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Leaving Cairo

February 16, 2011

As most of you guys know, there’s a bit of a revolution that is happening in Egypt.  Nothing too big, just the ouster of a corrupt president and sweeping change throughout the Middle East.  The implications are huge.  I couldn’t possibly tell you what Egyptians are feeling or what comes next.  I was just a designer there, paid for work with little interest in the society before I got there.  However, my lasting image is how brave and strong the people were.  I had a direct view of the whole thing.

Inconveniently, or conveniently depending on your prospective, my apartment sat just two blocks away from Tahrir Square.  My windows overlooked a small alleyway where protesters would stream in to run from the police.  On the first night I missed most of the protests.  I had to work and subsequent protests I’d come home late to avoid the chaos.  The only hint of anything would be the smell of tear gas in the air and the hundreds of riot police carefully guarding my approach home.

It never really occurred to me that anything would really happen.  Protests would start in the morning and end at night.  Nothing that would distract me from my work.  But then the announcement came that a much larger and fiercer demonstration would happen January 28th.  A Friday.  My day off.  I’d be at home all day to witness it all.

I woke up early that morning knowing full well that I wouldn’t be able to leave the house after 2pm.  I got some breakfast and walked around Tahrir.  Nothing too out of the ordinary.  People were taking a walk and taxis zoomed by.  It felt like any other Friday.

By 2pm, the marches started and it was pleasant enough.  I saw them peacefully walk by my window and I immediately started questioning whether I took everything too seriously.  But then the tear gas started.  At first it was every few hours I’d hear them and smell them.  But as the day grew longer, the frequency increased.  It was at this point I started packing.  Rocks were being thrown at my window and I could see people getting angrier and angrier on the street.  Outside my window I saw a man hit by tear gas canister, blood gushing out of his head.  The viciousness and brutality of the police was shocking.   It wasn’t safe for me anymore.  I went to sleep that night to the sounds of tear gas and the knowledge that the police had completely left.  Lawlessness on the streets.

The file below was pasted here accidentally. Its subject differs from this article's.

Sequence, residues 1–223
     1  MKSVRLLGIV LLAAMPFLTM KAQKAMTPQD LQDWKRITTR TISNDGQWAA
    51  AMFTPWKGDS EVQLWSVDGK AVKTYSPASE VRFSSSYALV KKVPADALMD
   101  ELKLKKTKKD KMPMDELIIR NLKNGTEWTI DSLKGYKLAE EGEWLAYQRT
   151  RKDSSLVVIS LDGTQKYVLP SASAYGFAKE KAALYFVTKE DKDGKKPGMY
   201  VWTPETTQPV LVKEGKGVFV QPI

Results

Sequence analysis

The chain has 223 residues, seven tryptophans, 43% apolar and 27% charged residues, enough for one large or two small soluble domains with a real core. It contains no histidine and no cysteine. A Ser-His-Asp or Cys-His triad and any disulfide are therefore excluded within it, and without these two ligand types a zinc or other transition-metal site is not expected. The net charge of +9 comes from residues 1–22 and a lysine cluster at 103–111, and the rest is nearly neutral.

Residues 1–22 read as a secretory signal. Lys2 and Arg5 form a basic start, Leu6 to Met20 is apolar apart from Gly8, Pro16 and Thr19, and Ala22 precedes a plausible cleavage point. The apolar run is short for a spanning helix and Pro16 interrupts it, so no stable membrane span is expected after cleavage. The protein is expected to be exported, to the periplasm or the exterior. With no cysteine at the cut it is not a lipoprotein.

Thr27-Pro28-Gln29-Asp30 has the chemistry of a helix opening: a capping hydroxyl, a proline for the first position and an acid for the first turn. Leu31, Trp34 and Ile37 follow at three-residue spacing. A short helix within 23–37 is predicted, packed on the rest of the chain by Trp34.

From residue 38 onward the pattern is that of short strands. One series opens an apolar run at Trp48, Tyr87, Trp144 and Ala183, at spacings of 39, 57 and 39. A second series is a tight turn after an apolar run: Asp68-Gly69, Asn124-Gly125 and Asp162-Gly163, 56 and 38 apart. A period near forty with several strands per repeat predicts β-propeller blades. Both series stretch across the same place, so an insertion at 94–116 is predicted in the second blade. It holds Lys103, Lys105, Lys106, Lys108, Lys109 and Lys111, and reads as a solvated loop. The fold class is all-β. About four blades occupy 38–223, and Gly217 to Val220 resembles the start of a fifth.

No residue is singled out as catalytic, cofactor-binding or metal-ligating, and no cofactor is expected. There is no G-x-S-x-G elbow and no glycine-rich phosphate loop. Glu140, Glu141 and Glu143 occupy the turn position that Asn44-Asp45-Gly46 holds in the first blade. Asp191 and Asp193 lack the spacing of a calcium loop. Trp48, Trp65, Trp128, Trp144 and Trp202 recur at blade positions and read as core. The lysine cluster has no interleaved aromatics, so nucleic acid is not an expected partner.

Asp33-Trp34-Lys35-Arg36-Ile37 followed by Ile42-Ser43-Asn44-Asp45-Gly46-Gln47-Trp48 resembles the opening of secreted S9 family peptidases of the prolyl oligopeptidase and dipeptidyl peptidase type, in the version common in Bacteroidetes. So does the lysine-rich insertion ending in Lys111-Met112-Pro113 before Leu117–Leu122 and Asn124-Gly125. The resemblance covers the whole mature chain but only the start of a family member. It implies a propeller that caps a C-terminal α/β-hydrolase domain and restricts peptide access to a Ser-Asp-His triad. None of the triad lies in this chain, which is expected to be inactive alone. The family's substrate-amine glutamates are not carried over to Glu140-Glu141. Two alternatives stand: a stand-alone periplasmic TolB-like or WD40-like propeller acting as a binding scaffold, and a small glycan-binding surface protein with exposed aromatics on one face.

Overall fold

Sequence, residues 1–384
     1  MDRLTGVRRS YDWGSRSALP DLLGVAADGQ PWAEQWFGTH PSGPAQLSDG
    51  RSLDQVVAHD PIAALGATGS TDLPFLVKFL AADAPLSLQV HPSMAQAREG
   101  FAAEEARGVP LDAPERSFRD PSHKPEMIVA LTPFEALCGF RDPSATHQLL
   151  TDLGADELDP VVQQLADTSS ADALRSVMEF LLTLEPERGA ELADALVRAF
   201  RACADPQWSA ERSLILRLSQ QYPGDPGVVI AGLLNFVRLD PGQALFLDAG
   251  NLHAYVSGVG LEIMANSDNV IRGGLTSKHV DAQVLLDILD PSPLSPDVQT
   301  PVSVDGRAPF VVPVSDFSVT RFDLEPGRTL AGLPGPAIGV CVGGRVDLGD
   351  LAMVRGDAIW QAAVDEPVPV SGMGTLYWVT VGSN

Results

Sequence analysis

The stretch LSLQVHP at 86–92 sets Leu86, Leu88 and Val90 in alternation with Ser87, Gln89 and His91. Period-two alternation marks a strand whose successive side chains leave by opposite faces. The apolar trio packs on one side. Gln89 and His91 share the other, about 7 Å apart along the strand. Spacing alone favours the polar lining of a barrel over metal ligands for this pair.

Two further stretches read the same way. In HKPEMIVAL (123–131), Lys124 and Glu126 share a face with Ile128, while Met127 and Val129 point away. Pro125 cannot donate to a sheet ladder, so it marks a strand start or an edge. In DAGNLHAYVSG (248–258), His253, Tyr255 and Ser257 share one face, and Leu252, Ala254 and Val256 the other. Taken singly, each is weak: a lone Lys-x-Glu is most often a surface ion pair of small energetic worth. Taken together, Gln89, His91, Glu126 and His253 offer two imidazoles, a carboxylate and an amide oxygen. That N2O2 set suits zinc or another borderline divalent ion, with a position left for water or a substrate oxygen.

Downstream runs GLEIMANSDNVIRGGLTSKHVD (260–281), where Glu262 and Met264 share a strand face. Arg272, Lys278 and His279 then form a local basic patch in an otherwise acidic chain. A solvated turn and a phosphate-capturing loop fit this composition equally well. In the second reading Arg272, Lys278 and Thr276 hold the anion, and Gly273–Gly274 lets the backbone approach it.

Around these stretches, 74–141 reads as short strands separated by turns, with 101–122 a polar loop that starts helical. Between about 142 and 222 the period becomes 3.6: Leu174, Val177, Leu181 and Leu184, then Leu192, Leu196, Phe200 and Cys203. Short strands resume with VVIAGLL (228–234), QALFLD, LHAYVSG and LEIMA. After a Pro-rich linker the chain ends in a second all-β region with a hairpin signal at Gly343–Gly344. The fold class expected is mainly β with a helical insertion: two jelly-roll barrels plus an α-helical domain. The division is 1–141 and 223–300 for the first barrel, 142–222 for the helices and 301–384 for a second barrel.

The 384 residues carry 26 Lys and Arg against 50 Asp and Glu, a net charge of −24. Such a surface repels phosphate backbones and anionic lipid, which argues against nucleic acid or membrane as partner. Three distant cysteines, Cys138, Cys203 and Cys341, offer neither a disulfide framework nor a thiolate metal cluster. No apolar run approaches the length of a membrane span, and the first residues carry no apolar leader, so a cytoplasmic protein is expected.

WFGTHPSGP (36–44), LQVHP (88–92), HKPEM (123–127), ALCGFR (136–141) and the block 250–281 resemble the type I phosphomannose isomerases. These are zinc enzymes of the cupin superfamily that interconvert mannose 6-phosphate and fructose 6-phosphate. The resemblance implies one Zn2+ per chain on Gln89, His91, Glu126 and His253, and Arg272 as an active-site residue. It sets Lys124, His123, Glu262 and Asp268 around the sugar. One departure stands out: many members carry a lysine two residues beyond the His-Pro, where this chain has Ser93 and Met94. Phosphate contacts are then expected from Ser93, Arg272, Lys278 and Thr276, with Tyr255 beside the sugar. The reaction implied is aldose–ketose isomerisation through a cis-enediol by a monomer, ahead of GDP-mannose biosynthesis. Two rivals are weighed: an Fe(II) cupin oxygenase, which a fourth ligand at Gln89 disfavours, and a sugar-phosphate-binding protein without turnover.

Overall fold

When I woke up the next morning, I carried all my bags downstairs.  I was greeted with a large army tank in front of my building.  Windows cracked everywhere and garbage overrunning the streets.  Cars were driving on the wrong side of the road and people just stood around, dazed about what had happened to their neighborhood.

I got a taxi to our office and requested I be sent to a hotel until things calmed down.  They never really did calm down.  My night at the hotel was spent watching buildings burn down.  By the next day, my American friends and I decided to leave Cairo permanently.  The lack of police and diminishing food and money options left us little choice.

I’ll have create another post about our actual experience leaving the city but I thought this was important to get off my chest.  To be honest, it wasn’t all that horrific and I feel more for the Egyptians who now have to deal with the new future and hope everything turns out okay.

2 Comments leave one →
  1. mike permalink
    February 17, 2011 7:40 am



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